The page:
My forgotten film museum:


Originally called the Royal Belgian Film Archive, the institution was created by the experimental Belgian film-maker Henri Storck, along with André Thirifays and Pierre Vermeylen. The inspiration (and the name) came from Paris, where a film archive had been set up two years earlier.


It became the Cinematek in early 2009 after it moved to a wing of Victor Horta’s Palais des Beaux-Arts (now Bozar). The architects involved in the renovation of Horta’s Art Deco building created two underground screening rooms – one with seats for 117 people and the other more intimate space holding just 29.


During the renovation work, construction workers uncovered a hidden stretch of the thirteenth-century city wall, which has been carefully preserved in the entrance hall as a reminder of the rich history of this neighbourhood. 


The Cinematek currently screens about 40 different films every week, ranging from jerky silent movies with live piano accompaniment to recent Belgian films that have escaped the notice of the big distributors.


The programme involves a careful balance between popular blockbusters and forgotten classics. Most are screened in the Cinematek, but some major movies are shown in Bozar’s enormous Henri le Boeuf Hall and others are screened at the Flagey cultural centre.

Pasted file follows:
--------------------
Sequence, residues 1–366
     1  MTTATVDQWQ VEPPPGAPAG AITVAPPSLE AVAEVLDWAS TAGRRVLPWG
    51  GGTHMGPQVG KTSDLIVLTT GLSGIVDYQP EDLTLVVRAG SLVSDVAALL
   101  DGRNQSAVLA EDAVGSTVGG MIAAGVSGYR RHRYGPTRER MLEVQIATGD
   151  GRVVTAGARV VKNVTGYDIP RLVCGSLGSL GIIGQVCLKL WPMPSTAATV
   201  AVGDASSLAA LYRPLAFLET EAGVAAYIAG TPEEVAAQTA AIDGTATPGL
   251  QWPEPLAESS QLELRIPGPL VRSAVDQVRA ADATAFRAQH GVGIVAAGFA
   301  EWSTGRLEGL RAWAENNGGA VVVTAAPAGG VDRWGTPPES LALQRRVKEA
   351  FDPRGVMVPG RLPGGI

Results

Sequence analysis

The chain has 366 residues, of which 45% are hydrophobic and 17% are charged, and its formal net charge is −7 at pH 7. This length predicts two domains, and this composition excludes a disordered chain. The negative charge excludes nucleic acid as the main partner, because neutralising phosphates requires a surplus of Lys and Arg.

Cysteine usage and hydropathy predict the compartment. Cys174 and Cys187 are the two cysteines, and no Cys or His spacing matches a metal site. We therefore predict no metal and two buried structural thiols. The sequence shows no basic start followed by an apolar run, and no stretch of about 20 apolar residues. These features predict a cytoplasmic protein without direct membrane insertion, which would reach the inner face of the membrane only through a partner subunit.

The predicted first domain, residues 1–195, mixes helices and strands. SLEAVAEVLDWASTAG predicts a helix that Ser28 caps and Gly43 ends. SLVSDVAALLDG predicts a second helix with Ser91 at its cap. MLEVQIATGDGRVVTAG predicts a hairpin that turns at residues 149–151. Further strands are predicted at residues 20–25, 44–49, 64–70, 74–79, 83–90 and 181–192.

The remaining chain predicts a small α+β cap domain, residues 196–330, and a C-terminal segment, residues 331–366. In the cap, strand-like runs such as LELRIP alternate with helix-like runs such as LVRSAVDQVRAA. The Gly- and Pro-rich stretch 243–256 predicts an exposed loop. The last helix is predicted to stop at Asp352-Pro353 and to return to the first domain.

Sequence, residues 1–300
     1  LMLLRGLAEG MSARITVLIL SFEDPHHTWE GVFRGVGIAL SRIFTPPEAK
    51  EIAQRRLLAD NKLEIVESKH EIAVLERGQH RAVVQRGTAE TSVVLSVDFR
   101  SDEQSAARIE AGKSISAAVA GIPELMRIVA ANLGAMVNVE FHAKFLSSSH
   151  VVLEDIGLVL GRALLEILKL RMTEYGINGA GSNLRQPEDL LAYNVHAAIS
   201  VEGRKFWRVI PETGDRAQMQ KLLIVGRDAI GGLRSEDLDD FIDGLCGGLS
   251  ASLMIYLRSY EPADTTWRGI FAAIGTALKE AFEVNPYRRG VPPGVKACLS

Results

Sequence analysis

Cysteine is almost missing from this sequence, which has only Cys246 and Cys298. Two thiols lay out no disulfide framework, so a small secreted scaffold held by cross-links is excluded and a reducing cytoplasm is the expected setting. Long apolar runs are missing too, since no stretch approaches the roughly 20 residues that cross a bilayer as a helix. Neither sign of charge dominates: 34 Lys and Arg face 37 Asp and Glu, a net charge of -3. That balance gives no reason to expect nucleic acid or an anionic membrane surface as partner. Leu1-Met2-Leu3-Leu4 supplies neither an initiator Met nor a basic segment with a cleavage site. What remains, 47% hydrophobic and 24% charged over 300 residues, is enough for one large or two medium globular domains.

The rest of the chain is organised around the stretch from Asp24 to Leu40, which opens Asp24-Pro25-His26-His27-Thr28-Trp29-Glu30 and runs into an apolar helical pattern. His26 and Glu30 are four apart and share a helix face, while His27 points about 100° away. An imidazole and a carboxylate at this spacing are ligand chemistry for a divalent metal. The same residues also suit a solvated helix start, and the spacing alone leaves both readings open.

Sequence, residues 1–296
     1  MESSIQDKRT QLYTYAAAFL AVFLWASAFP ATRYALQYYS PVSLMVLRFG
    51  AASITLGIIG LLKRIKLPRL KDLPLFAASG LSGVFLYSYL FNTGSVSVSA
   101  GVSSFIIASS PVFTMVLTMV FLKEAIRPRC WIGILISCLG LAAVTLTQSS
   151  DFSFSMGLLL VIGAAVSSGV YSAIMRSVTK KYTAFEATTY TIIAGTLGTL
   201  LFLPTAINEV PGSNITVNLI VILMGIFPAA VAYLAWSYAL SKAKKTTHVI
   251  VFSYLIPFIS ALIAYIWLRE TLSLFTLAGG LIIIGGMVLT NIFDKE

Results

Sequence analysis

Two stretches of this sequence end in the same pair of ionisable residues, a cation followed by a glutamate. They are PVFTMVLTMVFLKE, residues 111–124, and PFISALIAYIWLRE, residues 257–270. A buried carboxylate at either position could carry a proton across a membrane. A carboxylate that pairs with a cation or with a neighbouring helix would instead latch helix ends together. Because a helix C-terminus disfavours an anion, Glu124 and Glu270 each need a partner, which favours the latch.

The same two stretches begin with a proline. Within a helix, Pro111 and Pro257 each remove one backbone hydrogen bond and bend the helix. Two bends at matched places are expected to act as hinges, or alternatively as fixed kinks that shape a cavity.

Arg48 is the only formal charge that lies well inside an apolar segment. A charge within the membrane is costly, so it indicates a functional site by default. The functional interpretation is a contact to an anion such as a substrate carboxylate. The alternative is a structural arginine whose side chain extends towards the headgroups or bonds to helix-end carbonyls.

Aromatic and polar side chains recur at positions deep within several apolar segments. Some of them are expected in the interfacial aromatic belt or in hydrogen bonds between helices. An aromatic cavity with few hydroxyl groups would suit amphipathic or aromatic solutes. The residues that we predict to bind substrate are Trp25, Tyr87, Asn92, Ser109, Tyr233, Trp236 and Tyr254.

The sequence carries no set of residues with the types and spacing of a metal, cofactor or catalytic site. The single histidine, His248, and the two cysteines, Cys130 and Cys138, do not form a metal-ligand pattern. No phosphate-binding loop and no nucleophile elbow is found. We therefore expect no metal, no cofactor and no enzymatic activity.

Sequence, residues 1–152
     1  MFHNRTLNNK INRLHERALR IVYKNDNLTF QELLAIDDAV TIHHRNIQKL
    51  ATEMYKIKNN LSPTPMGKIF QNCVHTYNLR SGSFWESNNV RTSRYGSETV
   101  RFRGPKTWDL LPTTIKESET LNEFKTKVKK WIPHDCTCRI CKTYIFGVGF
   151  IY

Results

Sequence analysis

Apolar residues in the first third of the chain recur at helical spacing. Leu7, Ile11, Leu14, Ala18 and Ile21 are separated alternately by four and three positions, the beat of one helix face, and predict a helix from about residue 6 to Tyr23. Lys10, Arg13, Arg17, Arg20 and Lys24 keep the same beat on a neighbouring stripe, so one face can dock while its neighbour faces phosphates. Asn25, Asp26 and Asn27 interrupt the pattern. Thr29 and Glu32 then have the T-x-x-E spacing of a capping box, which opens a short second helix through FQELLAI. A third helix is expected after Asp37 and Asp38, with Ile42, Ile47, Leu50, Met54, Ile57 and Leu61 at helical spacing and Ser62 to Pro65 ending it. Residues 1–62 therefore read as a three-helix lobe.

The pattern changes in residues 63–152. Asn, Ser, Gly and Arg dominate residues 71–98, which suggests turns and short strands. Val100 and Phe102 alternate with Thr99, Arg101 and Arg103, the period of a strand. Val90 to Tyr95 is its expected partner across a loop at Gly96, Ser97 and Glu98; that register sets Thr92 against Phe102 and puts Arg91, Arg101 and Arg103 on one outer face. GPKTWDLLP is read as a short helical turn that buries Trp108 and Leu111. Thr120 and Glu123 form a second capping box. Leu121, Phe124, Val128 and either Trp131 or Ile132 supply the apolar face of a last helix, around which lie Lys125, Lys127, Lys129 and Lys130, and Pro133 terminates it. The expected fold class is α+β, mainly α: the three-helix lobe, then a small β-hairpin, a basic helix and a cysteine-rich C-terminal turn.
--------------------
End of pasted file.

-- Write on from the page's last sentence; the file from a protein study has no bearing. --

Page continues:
On one recent day, you could have caught the classic comedy Breakfast at Tiffany’s, the Peruvian drama Magallanes, the 1978 thriller Midnight Express, a  Hong Kong film called Exile, the forgotten 1920s cowboy movie The Toll Gate, The Kids are All Right, and, to round it off, a late night screening of the low-budget Brussels film Hamsters.   


As well as the endless screenings, Cinematek invites directors to talk about their film. Among recent guests were Jessica Woodworth and Peter Brosens to present their acclaimed Belgian comedy King of the Belgians.


Some grumpy regulars will tell you that it was better in the old days, before the Ghent architects Robbrecht en Daem were brought in to modernise the interior. They will talk nostalgically about sitting in a slightly dingy screening room filled with nerdy fans watching The Blue Angel for the tenth time. But most people prefer the current rooms with their comfortable seats and digital projections.


As you wander around the spacious foyer waiting for the film to begin, you can watch fragments of movies on eight screens suspended from the ceiling. You can also pass the time bending down to peer into vintage peephole viewers, including Edison’s 1894 Kinetoscope and three red metal Mutoscopes from the early days of sexy coin-operated peep-shows.


Many of the museum’s eccentric objects are displayed in a dark room resembling an old-fashioned Wünderkammer. Here you are plunged into the forgotten world of magic lantern shows and quirky 19th century zoetropes that created the illusion of moving figures.